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So something like these filled with soaked potting soil? http://www.greenhousemegastore.com/product/jiffy-peat-pots/biodegradable-pots

What kind of fertilizer should I use?


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Your GSH will spawn, I wouldn't stress over them. I'm not sure you really want a giant perch spawn in your pond anyways... A very limited one would probably meet your goals.

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It's been a while so here is an update:
I have stocked a total of 14 smallmouth bass in the pond. After trying since July 2013 to find a source that would sell me a small number I gave up and went fishing. Kept 14 6-11" smallmouth that were fat and had good WR and stocked them in the pond in late October. One of the 11" fish has grown like mad as last weekend I caught a 18" smallmouth that had to weigh 3 lbs with a swollen gut (no scale or camera with me) it was the first fish of any kind that I had caught out of the pond (although I have not had much time to fish with a 5 month old and a 3.5 year old to take care of). Bites are not easy or frequent but that is what I expected with only 14 fish stocked. Never saw any beds or evidence of spawning in the spring, I think the weather really messed them up (which is what all the hatcheries were saying as well).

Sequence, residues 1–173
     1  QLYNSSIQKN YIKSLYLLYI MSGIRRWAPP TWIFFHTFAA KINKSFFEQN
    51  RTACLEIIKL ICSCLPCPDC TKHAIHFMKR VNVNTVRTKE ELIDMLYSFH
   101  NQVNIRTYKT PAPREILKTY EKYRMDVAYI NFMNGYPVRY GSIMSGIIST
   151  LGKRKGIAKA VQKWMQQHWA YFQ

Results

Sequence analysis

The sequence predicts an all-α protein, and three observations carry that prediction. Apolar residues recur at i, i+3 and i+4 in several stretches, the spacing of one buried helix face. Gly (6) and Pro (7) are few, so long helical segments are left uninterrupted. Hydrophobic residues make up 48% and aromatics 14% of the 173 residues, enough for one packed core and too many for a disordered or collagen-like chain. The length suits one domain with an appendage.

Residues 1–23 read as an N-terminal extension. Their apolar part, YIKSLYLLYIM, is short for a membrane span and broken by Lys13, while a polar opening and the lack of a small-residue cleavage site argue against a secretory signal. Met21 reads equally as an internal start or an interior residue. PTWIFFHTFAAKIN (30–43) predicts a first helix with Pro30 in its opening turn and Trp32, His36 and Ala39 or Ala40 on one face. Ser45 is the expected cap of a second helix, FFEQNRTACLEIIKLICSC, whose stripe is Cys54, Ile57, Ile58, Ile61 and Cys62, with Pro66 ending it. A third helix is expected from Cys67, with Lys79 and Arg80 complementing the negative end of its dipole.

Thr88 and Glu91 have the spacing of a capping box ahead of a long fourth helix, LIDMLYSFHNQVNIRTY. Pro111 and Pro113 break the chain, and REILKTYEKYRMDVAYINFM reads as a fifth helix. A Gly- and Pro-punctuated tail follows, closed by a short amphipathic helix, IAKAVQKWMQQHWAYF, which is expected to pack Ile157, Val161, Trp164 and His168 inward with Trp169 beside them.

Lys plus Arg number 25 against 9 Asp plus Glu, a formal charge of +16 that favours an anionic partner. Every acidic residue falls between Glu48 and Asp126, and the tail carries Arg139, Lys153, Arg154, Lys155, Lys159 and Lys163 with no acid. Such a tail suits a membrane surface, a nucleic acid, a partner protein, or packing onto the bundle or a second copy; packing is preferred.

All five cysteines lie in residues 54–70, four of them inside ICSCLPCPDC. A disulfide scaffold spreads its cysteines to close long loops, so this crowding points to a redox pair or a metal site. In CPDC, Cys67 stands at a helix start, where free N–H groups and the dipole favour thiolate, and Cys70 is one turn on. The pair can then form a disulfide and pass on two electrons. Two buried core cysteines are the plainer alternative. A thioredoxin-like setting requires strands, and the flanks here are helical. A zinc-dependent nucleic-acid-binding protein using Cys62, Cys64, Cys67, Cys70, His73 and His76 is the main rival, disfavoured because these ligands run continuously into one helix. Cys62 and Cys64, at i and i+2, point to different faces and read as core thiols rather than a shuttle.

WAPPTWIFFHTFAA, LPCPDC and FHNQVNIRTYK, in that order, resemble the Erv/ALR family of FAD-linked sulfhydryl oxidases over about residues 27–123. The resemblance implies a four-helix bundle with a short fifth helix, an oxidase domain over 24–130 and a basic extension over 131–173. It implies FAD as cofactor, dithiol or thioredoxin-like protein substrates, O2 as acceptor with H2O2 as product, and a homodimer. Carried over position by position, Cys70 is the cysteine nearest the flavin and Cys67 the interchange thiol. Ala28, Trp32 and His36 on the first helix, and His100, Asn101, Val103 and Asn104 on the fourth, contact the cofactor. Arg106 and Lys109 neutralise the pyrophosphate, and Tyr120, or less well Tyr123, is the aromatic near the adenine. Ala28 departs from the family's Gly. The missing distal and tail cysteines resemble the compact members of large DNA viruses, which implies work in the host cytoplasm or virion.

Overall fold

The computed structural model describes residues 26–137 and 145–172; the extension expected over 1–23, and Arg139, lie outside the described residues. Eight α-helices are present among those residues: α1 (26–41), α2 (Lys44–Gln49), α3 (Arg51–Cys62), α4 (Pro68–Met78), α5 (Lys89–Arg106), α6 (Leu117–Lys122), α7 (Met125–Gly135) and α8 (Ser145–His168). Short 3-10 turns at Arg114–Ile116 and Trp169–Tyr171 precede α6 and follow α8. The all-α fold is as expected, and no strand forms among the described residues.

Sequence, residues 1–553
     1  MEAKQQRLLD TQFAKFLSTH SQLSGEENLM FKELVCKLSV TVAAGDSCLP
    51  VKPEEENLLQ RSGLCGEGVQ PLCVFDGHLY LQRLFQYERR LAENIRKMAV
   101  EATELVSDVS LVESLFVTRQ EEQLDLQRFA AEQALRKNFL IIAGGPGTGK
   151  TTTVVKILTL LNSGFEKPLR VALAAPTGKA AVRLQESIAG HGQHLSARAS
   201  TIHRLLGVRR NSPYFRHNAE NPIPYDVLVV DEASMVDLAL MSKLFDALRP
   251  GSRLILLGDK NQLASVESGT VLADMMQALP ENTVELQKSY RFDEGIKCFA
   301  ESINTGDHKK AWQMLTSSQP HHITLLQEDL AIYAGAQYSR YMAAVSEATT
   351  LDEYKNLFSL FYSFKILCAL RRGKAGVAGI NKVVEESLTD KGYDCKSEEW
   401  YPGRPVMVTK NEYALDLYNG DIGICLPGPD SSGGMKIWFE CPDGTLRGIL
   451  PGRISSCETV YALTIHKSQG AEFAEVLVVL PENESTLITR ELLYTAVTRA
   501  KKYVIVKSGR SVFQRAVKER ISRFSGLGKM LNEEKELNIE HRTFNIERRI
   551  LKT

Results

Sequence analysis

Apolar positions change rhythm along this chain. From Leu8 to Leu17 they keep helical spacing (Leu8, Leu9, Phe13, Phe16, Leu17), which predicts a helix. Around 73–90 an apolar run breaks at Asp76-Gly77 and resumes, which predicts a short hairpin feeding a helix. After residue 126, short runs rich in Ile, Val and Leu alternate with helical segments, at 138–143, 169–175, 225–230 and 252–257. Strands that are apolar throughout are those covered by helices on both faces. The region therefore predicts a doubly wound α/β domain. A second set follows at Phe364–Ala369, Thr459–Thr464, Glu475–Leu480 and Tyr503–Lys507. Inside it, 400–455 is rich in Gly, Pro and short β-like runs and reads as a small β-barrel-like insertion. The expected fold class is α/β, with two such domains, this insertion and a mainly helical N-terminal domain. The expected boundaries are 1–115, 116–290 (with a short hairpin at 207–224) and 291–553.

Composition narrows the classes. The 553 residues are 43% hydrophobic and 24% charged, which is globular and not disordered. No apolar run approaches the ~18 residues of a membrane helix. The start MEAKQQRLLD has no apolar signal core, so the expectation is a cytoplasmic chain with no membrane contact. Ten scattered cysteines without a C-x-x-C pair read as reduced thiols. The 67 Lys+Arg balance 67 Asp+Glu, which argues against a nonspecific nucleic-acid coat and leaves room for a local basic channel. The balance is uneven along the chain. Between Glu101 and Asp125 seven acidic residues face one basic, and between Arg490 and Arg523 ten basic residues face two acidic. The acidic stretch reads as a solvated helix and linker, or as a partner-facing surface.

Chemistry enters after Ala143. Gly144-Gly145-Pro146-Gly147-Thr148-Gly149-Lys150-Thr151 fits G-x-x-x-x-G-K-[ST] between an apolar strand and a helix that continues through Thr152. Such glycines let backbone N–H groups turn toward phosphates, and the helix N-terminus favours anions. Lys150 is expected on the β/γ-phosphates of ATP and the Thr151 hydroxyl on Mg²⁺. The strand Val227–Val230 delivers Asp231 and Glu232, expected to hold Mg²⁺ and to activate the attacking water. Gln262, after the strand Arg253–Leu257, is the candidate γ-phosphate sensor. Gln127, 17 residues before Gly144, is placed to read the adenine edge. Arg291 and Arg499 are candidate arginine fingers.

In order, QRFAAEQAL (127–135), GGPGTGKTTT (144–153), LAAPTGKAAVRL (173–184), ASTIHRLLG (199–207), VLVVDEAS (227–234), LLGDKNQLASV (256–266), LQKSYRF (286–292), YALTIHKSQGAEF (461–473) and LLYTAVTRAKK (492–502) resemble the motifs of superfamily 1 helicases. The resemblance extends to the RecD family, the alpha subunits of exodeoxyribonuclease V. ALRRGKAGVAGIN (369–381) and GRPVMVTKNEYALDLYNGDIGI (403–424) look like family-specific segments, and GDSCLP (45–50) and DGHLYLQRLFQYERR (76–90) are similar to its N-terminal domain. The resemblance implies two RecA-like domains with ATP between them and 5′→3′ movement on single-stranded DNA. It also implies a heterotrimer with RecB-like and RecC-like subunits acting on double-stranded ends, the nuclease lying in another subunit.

There is a guy who works on the farm during the week and he has caught a few good smallies, a nice RES, and two yellow perch. He fishes with live worms in the evening. So I am pretty confident things are going well.